Collagen is the main component of connective tissues and the most abundant protein in the human body. Biocompatible and biodegradable, it is an excellent material for making scaffolding for tissue engineering. The trouble is, conventional techniques disrupt the fibrous structure of collagen and weaken the end product. At the Tufts University School of Engineering, Qiaobing Xu, assistant professor of biomedical engineering, and Ph.D. student Kyle Alberti have developed a new technique for fabricating collagen structures that avoids this disruption and retains collagen’s strength.
Invented by Xu, the new technique is called “bioskiving.” It involves taking collagen from bovine tendons and removing all the cells and other materials from it using special detergents until only the collagen fibers are left. These are then sliced into very thin sheets using a microtome and stacked in layers of ten at right angles to one another like layers of plywood.
The result is a collagen scaffolding that is stronger than that produced by conventional processes. This scaffolding can also be formed into tubes by folding the sheets around a Teflon-coated glass rod. These tubes are also stronger than those produced by conventional techniques. These structures can then be seeded with living cells to create blood vessels and other products.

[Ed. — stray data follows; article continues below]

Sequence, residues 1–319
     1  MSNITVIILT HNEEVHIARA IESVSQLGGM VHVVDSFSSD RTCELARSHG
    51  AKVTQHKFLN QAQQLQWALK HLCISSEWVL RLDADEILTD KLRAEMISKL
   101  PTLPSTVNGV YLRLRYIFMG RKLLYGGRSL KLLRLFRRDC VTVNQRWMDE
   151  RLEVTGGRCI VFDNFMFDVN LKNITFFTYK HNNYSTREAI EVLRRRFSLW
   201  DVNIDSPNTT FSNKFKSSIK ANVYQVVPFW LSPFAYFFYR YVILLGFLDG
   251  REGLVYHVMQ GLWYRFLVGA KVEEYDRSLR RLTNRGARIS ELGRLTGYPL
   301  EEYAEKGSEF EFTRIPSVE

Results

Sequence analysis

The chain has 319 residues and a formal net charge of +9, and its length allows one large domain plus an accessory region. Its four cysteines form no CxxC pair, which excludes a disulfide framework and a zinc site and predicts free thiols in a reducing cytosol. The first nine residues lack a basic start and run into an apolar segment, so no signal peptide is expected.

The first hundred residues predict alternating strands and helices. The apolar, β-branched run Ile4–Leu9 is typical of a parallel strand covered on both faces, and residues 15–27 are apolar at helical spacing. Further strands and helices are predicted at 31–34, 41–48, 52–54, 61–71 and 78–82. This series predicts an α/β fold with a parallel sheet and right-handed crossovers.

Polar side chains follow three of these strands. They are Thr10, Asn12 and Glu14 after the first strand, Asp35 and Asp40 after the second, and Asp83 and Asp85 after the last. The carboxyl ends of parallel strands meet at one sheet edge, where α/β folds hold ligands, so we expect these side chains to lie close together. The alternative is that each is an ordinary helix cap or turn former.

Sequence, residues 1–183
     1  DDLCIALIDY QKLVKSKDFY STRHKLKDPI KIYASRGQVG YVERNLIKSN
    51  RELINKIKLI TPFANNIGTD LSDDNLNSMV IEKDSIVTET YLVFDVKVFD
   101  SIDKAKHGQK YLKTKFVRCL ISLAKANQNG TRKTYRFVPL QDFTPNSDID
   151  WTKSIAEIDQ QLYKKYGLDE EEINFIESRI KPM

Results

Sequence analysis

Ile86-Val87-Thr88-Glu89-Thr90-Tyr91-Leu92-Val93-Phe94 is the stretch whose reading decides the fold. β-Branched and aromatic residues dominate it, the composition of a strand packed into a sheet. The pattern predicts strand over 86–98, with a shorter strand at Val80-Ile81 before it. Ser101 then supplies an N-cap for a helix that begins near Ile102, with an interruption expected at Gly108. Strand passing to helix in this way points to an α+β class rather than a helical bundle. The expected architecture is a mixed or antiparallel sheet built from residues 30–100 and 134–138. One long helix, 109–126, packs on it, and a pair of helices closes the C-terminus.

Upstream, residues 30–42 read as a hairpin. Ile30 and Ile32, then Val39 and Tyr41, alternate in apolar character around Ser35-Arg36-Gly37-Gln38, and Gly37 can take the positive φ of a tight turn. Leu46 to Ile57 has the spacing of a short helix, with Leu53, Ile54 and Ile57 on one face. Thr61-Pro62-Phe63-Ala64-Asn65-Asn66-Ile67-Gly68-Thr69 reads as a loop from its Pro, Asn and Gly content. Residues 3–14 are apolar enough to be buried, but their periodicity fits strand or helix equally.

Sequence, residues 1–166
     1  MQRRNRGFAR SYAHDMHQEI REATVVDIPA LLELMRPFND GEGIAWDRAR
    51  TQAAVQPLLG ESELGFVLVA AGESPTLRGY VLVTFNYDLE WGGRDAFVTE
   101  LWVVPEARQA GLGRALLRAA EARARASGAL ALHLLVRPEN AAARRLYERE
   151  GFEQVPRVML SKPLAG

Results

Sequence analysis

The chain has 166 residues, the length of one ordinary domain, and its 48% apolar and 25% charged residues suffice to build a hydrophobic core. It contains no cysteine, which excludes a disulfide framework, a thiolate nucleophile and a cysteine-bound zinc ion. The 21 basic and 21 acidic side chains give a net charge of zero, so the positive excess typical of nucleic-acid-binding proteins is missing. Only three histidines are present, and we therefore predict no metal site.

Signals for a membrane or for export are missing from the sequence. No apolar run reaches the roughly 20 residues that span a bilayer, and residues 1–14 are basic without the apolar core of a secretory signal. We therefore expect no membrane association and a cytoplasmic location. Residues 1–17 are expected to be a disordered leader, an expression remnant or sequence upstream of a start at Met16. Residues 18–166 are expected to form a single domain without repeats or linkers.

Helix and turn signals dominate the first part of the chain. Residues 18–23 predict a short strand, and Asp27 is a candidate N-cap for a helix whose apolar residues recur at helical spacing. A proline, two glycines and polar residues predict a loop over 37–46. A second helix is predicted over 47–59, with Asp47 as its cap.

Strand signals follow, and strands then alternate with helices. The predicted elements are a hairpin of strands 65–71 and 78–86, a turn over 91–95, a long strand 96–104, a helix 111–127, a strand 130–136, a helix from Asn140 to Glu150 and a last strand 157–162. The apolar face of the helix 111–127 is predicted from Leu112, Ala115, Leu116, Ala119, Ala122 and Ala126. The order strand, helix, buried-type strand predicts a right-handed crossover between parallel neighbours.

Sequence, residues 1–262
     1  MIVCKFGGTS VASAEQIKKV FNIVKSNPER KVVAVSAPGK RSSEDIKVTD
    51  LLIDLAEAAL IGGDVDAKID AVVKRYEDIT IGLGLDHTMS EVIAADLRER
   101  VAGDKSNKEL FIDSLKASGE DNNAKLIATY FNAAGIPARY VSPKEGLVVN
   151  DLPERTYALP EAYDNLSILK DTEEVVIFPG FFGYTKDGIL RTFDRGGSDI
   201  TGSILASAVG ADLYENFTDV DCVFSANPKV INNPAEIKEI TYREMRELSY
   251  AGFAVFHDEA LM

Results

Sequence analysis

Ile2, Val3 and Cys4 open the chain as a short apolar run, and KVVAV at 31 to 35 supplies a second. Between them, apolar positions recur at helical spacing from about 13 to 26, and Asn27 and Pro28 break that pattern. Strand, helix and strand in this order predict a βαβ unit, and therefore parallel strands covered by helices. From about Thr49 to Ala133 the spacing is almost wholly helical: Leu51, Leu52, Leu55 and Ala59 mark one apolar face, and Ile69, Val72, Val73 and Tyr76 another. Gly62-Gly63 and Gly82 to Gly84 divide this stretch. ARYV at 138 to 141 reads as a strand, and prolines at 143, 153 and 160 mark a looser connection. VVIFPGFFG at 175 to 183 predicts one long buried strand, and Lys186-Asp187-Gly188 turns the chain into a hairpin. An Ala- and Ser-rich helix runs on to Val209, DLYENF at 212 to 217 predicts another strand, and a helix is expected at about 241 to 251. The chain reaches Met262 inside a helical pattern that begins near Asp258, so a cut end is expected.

"Alignment gives the scaffold the ability to guide the direction and orientation of cell growth," said Xu. "This capability is beneficial for tissue engineering applications where biocompatibility and the ability to guide unidirectional nerve growth are both desired, such as prosthetic or tissue engineering-based blood vessels or nerve conduits."
The results of Xu and Alberti’s work was published in an article entitled "Slicing, Stacking and Rolling: Fabrication of Nanostructured Collagen Constructs from Tendon Sections" in Advanced Healthcare Materials on December 12, 2012.
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